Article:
The different carbon sources on base as apple pectin and the pressed apple pulp stimulated the production of pectinolytic enzymes and the growth of the microorganism (dry biomass). The different carbon sources showed maximum dry biomass (d.b.) with glucose and fructose. The best carbon source on base for better production of pectinolytic enzymes was the pressed apple pulp with optimal concentration of 10.0 g [L.sup.-1]. This residue, being renewable and in an abundant supply, represents a potential low cost material for microbial enzyme production. The significance of this agro-industrial residue as material for pectinolytic enzyme production is highlighted in this article. The results presented here will be of commercial importance for using pressed apple pulp as a carbon source for production of pectinolytic enzymes in submerged fermentation.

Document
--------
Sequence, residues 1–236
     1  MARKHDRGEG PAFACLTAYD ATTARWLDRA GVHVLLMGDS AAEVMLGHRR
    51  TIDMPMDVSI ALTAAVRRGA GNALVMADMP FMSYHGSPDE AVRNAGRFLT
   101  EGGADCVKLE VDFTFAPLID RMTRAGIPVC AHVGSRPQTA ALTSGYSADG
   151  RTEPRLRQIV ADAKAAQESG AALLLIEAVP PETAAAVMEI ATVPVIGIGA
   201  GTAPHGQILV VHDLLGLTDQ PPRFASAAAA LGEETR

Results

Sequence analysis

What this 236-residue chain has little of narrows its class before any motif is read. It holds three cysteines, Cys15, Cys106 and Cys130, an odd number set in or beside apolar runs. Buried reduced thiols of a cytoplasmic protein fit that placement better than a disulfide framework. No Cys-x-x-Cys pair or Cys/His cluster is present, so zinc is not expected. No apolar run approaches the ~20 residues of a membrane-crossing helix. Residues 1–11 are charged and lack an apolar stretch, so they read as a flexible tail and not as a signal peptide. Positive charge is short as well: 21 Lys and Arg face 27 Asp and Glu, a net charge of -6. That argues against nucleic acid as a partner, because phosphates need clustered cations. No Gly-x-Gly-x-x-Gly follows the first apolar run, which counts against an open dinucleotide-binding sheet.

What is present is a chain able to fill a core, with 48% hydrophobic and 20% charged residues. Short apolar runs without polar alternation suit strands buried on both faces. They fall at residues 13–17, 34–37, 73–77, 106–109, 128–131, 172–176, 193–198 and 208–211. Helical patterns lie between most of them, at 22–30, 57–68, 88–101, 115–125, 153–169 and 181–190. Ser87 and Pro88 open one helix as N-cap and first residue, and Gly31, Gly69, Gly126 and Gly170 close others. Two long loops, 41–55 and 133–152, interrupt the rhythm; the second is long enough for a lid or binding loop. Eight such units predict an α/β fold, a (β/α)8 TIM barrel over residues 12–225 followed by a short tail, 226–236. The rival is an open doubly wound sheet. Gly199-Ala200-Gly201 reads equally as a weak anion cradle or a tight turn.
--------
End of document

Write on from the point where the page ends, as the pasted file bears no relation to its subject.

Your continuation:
References

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Kiro Mojsov

Department of Technology, Technological-technical Faculty, University "Goce Delcev" Stip, Macedonia

e-mail: kiro.mojsov@ugd.edu.mk
TABLE 1. ENDO-PG BIOSYNTHESIS AND GROWTH BY ASPERGILLUS
NIGER IN RELATION TO THE CARBON SOURCES

Carbon sources      Experimentally       Experimentally      Calculated
                        found a              found a         endo-PG/U
                       biomass,             endo-PG/U        [g.sup.-1]
                     g [L.sup.-1]          [L.sup.-1]         d.b. (b)

Glucose            4.5 [+ or -] 0.08    0.0 [+ or -] 0.0        0.0
Fructose           4.3 [+ or -] 0.08    0.0 [+ or -] 0.0        0.0
Galactose          3.5 [+ or -] 0.16   62.0 [+ or -] 1.63       17.7
Lactose            3.0 [+ or -] 0.24   28.0 [+ or -] 2.16       9.3
The apple pectin   2.2 [+ or -] 0.08   140.0 [+ or -] 4.08      63.6
The apple pulp     4.0 [+ or -] 0.16   328.0 [+ or -] 8.64      82.0
Control            0.8 [+ or -] 0.08    5.0 [+ or -] 3.74       6.2

Note: (a) Values are the average from 3 replicates
[+ or -] SD. SD--standard deviation. bd.b.--dry biomass